Although it increasingly portrays itself as primus inter pares within ASEAN it remains questionable that Indonesia is currently in a position to enhance its security posture in the Straits. Despite being a littoral state with an interest in the Straits Indonesia also needs to patrol its vast territorial waters. Although it has recently entered into arms deals and procurement projects with Russia and China Indonesia's naval capacity remains stretched by a lack of funding and general poor maintenance. A recent RSN report estimated that only 60% of Indonesia's fleet is currently operational. This in turn contributes to a significant shortfall in the estimated three hundred ships required to protect Indonesia's territorial interests. Contributing to the lack of resources is a government unaccustomed to high levels of military spending. Expenditure for 2006, for example, was US$3.1 billion for 375,000 personnel. Government justification for such expenditure is that the Indonesian military controls vast networks of businesses capable of raising revenue outside budget processes.

In contrast, Singapore's geopolitical outlook allows it to make an individual contribution to maritime security that stands in stark contrast to Indonesia. Fundamental to Singapore's efforts is the recent formation of the Maritime Security Task Force (MSTF). Organised to incorporate all armed services, coastguard and port authorities, the MSTF is an inter-agency initiative mirroring the RSN's objectives of securing Singapore's sea lines of communication. Sharing similarities with ReCAAP, the MSTF also seeks to develop information sharing networks to facilitate integrated planning and execution of maritime operations. This initiative extends upon a 2007 announcement for the development of C2 facilities to accommodate the Singapore Maritime Security Centre and multinational operations facilities. Furthermore, in February the MSTF undertook Exercise APEX. Utilising 39 RSN vessels, aircraft and 1,800 personnel APEX tested installation protection and anti-smuggling initiatives. These included measures to counter small boat threats and the deployment of Accompanying Sea Security Teams to undertake the interception and boarding of vessels. The MSTF's initiatives are likely to be bolstered by the recent acquisition of two new frigates. Amongst hardware that may be of use against maritime crime and terrorism are multi-function radars and Sikorsky S-70 helicopters.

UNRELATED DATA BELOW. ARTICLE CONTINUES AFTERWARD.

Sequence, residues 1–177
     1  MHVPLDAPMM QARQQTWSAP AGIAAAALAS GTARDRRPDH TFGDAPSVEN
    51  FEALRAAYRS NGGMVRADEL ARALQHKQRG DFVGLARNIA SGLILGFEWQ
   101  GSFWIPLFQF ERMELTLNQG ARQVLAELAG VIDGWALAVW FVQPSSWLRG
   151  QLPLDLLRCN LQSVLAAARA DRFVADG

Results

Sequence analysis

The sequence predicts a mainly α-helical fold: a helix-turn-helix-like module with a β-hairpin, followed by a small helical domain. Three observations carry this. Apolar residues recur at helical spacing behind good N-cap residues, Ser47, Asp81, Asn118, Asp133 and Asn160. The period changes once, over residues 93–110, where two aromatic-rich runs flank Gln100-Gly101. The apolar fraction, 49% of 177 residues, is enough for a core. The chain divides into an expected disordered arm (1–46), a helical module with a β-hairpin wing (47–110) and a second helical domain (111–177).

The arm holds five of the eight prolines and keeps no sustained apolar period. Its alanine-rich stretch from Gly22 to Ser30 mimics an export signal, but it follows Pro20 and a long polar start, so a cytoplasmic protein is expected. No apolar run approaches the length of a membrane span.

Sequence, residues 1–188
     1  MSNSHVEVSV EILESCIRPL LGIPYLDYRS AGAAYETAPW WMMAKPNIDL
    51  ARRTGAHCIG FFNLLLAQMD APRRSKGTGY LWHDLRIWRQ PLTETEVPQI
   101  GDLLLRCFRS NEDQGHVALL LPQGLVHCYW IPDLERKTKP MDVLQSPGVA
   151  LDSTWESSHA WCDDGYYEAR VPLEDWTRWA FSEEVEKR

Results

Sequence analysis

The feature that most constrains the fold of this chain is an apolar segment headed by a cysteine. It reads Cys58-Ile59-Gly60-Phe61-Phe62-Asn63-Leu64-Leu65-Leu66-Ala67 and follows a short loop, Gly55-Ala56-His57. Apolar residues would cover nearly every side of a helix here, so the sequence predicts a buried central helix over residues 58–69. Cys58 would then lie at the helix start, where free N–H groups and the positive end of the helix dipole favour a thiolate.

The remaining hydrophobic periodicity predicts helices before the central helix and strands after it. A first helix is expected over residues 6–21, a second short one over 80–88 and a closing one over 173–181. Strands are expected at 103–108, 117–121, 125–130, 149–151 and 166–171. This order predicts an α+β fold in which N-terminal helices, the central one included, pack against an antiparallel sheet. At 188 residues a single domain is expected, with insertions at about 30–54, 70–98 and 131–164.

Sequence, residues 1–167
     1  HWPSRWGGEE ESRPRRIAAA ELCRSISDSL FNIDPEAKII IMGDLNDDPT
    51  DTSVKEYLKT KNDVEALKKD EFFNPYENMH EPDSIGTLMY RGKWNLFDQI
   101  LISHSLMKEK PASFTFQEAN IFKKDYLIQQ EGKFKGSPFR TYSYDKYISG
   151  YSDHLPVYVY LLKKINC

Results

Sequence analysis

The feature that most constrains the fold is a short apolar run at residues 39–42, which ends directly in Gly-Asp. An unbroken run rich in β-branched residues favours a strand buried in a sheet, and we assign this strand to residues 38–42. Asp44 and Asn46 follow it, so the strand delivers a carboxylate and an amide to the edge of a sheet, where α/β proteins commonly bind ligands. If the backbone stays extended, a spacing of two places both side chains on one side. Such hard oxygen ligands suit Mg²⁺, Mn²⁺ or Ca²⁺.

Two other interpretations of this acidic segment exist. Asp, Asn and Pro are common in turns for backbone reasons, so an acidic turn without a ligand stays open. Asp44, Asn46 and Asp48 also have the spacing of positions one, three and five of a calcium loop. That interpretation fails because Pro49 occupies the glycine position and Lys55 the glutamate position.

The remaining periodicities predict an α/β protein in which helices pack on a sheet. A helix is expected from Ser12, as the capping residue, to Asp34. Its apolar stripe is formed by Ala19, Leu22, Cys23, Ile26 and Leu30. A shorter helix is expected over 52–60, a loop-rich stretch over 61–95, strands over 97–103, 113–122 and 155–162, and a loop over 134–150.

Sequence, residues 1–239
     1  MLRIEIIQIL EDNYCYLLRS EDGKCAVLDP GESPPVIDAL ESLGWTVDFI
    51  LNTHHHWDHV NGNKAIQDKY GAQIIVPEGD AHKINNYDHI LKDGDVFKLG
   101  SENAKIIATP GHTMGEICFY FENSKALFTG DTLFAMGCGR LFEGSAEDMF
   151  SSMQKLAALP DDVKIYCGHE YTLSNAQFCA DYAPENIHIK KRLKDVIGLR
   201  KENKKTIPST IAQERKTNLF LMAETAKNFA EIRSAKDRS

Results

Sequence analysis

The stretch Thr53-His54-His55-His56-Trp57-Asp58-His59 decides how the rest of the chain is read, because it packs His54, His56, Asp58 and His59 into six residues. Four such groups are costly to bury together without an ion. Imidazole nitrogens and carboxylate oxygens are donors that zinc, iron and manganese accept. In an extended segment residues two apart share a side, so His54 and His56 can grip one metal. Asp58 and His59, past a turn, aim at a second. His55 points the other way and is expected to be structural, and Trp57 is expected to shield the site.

In reaching a conclusion it firstly needs to be established that differences in response to security challenges in the Straits demonstrate the importance of discretionary approaches to collaboration amongst ASEAN partners. Whilst Malaysia and particularly Indonesia are geographically significant members of ASEAN their importance to the global economy differs from Singapore. This ultimately means that Singapore has greater access to materials which allows it to make a substantial contribution to security in the Straits. From a geographical perspective, Singapore is also not compromised by the need to defend an expansive territory. Despite recent cooperation amongst the three littoral states, Singapore's economic strength and political stability make it the most significant partner in initiatives to secure the Straits. As its economics, infrastructure and military gradually improve Indonesia may wish to challenge this status as the most populous and largest ASEAN state. Yet Singapore's development of multilateral initiatives to improve maritime security in the Straits ensures that it will remain a significant partner.